The biggest change she has noticed has to do with the availability of information.
“Children know more when they come to me … it’s amazing what they can soak in,” she said.
However, Noser still loves hands-on instruction.
“I love finding ways that we can do things. We still do a lot of paper and pencil things. Anytime I can find a way to make it hands on, that helps them understand,” she said.
Noser’s last day at Destin Elementary is March 31.
She said her actual drop date was Jan. 31, but she extended and planned to finish the school year. Those plans changed when she found out that she had a grandbaby due at the end of March.
Noser will be keeping the baby while her daughter, who is a hospice nurse, goes back to work.
Not to fret, Noser has a “great sub” that will be finishing out the year with her students.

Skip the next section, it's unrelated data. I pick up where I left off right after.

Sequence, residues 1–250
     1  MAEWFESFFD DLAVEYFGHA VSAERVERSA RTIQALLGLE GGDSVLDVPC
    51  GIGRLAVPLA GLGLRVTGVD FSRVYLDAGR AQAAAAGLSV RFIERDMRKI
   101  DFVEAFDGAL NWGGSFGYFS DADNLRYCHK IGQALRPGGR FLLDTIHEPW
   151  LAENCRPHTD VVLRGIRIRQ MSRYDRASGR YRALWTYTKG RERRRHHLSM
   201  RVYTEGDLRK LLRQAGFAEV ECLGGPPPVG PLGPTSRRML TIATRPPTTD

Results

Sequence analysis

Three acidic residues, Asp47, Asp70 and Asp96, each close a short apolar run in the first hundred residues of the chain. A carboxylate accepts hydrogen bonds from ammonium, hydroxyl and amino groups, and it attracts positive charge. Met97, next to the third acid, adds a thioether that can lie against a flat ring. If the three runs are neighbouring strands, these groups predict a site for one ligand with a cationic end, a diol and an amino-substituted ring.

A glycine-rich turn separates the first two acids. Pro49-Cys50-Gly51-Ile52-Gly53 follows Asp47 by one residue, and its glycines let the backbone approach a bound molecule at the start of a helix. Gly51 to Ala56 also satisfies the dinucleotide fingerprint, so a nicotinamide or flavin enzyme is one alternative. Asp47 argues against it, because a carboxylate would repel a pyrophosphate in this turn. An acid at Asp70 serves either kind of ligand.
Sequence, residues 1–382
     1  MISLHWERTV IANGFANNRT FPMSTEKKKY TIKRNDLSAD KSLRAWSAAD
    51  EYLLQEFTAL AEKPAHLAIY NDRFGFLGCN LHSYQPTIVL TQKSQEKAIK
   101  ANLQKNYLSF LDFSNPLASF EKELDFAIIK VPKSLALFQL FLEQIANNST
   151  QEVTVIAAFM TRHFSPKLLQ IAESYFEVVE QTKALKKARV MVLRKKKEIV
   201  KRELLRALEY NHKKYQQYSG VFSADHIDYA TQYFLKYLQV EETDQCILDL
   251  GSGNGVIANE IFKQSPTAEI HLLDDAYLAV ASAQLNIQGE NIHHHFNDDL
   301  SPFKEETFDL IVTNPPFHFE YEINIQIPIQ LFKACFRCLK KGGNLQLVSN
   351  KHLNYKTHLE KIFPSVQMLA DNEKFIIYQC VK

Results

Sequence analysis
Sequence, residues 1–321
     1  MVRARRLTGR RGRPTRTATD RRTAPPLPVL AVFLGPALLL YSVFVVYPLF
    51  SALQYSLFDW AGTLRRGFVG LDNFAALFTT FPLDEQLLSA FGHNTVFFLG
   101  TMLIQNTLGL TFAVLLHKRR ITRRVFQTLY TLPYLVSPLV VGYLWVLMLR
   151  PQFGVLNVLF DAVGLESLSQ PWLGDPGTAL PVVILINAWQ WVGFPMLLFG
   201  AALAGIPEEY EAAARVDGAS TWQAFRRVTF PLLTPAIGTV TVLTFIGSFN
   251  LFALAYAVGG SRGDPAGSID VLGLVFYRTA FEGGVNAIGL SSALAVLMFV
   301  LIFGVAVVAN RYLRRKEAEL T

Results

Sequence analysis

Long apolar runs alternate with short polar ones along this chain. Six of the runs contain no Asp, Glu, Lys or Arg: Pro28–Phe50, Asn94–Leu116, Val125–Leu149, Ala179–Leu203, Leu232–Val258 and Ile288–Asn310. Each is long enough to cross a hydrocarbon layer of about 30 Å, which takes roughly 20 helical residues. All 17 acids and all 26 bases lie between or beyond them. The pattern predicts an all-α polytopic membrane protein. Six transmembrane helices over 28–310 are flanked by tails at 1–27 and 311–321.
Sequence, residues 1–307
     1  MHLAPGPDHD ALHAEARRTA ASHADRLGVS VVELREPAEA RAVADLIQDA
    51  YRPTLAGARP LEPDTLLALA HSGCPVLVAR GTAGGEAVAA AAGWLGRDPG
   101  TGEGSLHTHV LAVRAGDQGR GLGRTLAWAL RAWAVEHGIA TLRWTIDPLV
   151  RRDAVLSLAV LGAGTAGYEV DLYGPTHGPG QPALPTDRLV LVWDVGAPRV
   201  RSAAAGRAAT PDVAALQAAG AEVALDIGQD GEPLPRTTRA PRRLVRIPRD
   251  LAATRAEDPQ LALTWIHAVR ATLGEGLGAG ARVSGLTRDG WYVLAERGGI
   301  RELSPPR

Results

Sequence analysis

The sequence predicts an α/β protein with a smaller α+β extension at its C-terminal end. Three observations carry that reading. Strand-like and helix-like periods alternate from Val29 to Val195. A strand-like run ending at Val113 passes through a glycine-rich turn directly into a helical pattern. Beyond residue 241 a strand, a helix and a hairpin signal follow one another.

“I wasn’t going to leave these babies with just anybody. I’m very possessive, they are my children. And pretty much everybody knows that,” she said, noting that helped her as well to make the early out decision.
Noser has enjoyed her time at Destin Elementary.
“The people I have worked with have made it so enjoyable,” she said making mention of her teaching partners, kindergarten team and past principals as well. “I’m glad I’m ending on a good note and going out on a high.”
Noser said teaching kindergarten has been the best.
“Kindergarten is the greatest thing because (the kids tell me) I am beautiful, everything I wear is beautiful. They love my hair, they love my shoes, they love my necklace, they love my earrings and they tell me that every day. Where else can you go to work and have them tell you multiple times that they love you, ‘you’re beautiful,’ ‘I love your hair?’ Who wouldn’t want that?” she said.
“It’s been a wonderful experience. That’s why I’m ready to turn it over to the next generation,” she added.
In retirement she has plans to work in her yard and to travel.
“It’s going to be like an extended summer,” she said.
Nevertheless, she said, “I’m going to miss the joy of seeing the children grow. I’m going to miss that but I like to embrace every next milestone. I’m looking forward to the next part of my life. Who knows what will happen?”